Pope decision to rehabilitate Holocaust-denying bishop sparks Jewish-Catholic row
British-born Bishop Richard Williamson one of four traditionalist bishops to have his excommunication lifted last week.
Pope Benedict is still due to visit to Israel in May, an Israeli official said on Sunday, despite angering Jews worldwide by re-admitting a bishop who has denied the full extent of the Nazi genocide of six million Jews.
The Yad Vashem Holocaust Museum and Memorial in Jerusalem decried as "scandalous" Benedict's decision to lift excommunications on British-born bishop, Richard Williamson, who has said there were no gas chambers and only 300,000 Jews perished in Nazi concentration camps in World War Two.
Foreign Ministry spokesman Yigal Palmor, said, however, the pontiff's planned visit in May to Israel was not in doubt. "This has nothing to do with relations between states," he said.
The Israeli museum's fury marked another step in the row between the Catholic Church and world Jewish groups, who were outraged by announcements of the rehabilitation.
"The reinstatement is an internal Church matter...[however] denial of the Holocaust not only insults the survivors, memory of the victims, and the Righteous Among the Nations who risked their lives to rescue Jews, it is a brutal attack on truth," Yad Vashem said in a statement.
A senior official in the Jewish Agency on Sunday also slammed the decisions, calling it a "scandal."
"It is something we cannot understand," said Amos Hermon, head of the Task Force Against Anti-Semitism at the quasi-governmental Jewish Agency.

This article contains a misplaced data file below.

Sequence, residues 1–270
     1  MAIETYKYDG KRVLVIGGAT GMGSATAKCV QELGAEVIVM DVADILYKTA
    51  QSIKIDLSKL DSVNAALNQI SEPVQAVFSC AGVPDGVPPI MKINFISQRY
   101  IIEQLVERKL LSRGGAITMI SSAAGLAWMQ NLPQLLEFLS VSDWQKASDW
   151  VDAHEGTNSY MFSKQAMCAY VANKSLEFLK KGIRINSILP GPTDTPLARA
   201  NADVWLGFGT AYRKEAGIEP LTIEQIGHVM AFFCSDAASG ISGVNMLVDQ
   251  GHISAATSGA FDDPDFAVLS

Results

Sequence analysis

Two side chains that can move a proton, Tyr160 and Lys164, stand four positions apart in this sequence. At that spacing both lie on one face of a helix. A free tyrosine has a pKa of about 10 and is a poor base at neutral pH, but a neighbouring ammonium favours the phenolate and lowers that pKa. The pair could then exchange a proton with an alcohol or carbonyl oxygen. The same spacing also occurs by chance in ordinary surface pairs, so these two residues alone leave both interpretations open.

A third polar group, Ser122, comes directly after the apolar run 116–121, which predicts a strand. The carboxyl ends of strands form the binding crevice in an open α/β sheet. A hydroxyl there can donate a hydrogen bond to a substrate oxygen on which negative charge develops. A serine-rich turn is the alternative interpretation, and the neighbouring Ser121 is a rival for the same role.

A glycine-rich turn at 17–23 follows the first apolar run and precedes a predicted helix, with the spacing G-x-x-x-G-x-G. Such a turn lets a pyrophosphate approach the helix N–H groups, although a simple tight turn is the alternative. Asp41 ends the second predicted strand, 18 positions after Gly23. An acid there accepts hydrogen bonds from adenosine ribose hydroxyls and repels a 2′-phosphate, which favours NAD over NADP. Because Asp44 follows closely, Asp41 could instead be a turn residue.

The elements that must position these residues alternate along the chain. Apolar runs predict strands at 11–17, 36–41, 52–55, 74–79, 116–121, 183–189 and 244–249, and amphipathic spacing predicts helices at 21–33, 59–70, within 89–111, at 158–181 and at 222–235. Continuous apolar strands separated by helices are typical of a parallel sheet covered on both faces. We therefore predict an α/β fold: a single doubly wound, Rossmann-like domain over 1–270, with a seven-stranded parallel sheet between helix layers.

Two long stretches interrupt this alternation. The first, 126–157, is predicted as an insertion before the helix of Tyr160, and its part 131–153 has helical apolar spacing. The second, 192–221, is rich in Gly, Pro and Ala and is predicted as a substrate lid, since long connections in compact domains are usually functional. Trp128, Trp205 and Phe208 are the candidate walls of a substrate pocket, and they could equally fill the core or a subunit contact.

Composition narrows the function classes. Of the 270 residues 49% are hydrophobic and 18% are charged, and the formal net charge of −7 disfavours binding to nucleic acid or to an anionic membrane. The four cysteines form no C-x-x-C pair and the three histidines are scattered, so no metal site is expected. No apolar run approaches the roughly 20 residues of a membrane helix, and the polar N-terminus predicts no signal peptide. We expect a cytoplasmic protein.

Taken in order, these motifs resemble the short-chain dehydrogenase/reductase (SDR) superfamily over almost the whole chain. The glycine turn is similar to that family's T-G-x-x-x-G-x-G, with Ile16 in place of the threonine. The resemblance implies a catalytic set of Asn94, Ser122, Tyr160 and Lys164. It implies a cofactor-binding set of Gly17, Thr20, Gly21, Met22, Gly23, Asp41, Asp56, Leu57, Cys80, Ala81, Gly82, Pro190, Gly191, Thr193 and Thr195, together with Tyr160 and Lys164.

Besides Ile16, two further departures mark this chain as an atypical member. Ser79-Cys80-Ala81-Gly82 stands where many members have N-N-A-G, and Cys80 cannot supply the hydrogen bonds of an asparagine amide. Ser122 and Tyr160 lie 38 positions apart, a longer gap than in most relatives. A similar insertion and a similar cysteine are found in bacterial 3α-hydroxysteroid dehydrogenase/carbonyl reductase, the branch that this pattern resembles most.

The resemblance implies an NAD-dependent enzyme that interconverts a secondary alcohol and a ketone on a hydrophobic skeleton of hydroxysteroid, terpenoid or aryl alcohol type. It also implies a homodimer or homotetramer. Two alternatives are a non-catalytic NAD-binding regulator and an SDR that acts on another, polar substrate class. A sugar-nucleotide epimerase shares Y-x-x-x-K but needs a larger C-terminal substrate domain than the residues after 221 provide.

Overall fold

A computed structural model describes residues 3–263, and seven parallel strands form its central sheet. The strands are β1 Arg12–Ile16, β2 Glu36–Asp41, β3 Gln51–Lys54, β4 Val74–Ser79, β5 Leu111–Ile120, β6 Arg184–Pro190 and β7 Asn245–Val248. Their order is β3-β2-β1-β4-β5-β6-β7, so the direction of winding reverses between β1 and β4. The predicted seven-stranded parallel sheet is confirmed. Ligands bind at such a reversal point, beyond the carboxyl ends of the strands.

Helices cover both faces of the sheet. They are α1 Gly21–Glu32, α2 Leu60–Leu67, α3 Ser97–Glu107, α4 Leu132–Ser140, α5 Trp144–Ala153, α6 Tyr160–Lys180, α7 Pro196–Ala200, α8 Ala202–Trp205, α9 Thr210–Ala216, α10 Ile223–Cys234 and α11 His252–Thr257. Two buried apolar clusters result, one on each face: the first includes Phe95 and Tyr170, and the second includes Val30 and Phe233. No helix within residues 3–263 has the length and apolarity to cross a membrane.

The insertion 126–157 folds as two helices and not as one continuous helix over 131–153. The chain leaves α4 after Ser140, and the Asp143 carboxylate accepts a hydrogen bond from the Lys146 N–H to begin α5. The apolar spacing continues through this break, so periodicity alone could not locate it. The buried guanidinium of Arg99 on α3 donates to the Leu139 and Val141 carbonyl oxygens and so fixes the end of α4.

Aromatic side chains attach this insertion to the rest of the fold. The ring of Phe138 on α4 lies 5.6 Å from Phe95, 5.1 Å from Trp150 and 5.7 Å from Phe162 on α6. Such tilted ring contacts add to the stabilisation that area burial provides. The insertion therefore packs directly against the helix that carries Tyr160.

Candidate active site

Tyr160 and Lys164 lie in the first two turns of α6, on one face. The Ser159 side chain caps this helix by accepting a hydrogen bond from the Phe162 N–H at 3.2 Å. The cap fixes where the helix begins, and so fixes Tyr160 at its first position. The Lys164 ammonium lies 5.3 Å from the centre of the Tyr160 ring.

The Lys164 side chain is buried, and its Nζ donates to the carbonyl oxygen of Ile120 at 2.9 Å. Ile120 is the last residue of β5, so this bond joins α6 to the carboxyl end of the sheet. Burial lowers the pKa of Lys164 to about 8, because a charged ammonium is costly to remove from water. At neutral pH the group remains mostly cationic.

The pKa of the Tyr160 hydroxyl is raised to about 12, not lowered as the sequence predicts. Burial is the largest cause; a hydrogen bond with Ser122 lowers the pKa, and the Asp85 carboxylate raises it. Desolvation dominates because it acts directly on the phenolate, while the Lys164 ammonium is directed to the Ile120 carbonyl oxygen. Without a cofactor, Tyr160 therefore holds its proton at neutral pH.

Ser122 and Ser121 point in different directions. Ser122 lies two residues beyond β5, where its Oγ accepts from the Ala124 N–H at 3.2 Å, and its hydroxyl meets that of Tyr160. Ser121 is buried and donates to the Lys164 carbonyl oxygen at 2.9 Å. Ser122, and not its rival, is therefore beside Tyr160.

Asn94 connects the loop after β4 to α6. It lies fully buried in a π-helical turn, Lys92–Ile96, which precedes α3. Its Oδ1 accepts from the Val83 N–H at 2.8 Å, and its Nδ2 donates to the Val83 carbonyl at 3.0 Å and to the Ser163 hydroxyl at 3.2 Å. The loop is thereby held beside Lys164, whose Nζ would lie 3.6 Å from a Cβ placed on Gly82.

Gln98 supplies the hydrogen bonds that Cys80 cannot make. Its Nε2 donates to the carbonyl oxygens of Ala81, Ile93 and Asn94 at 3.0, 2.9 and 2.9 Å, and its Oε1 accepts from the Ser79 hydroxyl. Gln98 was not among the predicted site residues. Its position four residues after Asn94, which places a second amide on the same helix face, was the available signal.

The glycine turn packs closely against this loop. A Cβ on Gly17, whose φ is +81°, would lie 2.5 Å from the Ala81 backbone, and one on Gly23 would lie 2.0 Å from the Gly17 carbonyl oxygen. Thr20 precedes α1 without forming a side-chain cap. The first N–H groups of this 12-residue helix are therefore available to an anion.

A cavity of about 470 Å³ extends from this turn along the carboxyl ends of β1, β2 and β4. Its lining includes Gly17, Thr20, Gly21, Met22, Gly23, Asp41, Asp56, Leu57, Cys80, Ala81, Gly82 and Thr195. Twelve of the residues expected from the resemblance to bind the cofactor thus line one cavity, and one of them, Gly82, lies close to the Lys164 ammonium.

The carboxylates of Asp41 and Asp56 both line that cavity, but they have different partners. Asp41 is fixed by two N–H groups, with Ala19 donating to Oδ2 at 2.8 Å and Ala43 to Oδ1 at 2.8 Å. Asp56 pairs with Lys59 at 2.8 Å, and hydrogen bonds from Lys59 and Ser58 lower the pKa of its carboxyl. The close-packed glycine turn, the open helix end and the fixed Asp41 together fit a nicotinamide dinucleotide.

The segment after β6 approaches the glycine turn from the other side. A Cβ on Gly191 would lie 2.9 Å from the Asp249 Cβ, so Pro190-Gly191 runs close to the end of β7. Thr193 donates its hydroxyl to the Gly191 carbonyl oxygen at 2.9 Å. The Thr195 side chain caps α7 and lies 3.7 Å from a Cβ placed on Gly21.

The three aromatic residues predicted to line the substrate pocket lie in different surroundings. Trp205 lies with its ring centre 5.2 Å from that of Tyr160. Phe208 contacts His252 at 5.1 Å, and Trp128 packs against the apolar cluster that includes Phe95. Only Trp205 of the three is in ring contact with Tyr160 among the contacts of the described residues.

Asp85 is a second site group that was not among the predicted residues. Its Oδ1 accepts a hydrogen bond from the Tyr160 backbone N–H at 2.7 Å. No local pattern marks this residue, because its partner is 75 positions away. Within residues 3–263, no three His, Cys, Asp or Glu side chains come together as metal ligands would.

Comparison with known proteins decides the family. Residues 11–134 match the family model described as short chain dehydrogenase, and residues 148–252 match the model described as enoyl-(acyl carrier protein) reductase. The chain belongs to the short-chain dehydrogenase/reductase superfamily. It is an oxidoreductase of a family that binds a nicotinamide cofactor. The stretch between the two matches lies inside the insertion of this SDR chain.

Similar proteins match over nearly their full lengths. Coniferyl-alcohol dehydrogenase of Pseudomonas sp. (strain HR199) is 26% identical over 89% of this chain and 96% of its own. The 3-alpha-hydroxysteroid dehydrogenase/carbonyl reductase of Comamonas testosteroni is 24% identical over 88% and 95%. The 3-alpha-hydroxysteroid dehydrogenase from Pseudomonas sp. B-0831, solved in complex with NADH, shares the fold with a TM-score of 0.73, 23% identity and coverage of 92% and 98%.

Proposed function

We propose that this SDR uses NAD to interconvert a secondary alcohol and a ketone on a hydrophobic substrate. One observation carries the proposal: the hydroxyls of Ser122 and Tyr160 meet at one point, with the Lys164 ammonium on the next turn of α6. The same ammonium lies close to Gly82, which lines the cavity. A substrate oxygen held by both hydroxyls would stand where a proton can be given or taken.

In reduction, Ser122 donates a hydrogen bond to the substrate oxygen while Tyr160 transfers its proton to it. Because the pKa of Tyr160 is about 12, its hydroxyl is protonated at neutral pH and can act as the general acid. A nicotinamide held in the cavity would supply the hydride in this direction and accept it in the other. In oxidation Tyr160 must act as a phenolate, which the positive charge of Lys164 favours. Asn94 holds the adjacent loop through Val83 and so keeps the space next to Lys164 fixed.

Bishop Williamson was one of four traditionalist bishops to have his excommunication lifted Saturday, just days after he was shown in a Swedish state TV interview saying that historical evidence is hugely against six million Jews having been deliberately gassed by the Nazis during the Holocaust.
The four bishops were excommunicated 20 years ago after they were consecrated by the late ultraconservative Archbishop Marcel Lefebvre without papal consent - a move the Vatican said at the time was an act of schism.
"Even if the revocation of the excommunication is unrelated to Williamson's comments regarding the Holocaust, what kind of message is this sending regarding the Church's attitude toward the Holocaust?" Yad Vashem wrote. "Although we understand that Williamson's statements do not represent the Church's stance, we continue to hope that the Church will vigorously condemn these unacceptable and odious comments."
Jewish groups denounced the Vatican for having embraced a Holocaust denier and warned that the pope's decision would have serious implications for Catholic-Jewish relations as well as the pontiff's planned visit to the Holy Land later this year.
"I do not see how business can proceed as usual," said Rabbi David Rosen, Jerusalem-based head of interrelgious affairs at the American Jewish Committee and a key Vatican-Jewish negotiator late last week.
He called for the pope or a senior adviser to issue a clear condemnation of all Holocaust denials and deniers.
Shimon Samuels of the Simon Wiesenthal Center in Paris said he understood the German-born pope's desire for Christian unity, but said Benedict could have excluded Williamson. He warned that his rehabilitation will have a political cost for the Vatican.
"I'm certain as a man who has known the Nazi regime in his own flesh, he understands you have to be very careful and very selective," Samuels said.
The Vatican spokesman, the Rev. Federico Lombardi, said Williamson's views were absolutely indefensible. But he denied that rehabilitating Williamson implied that the Vatican shared them.
"They are his personal ideas ... that we certainly don't share but they have nothing to do with the issue of the excommunication and the removal of the excommunication," Lombardi told AP Television News.
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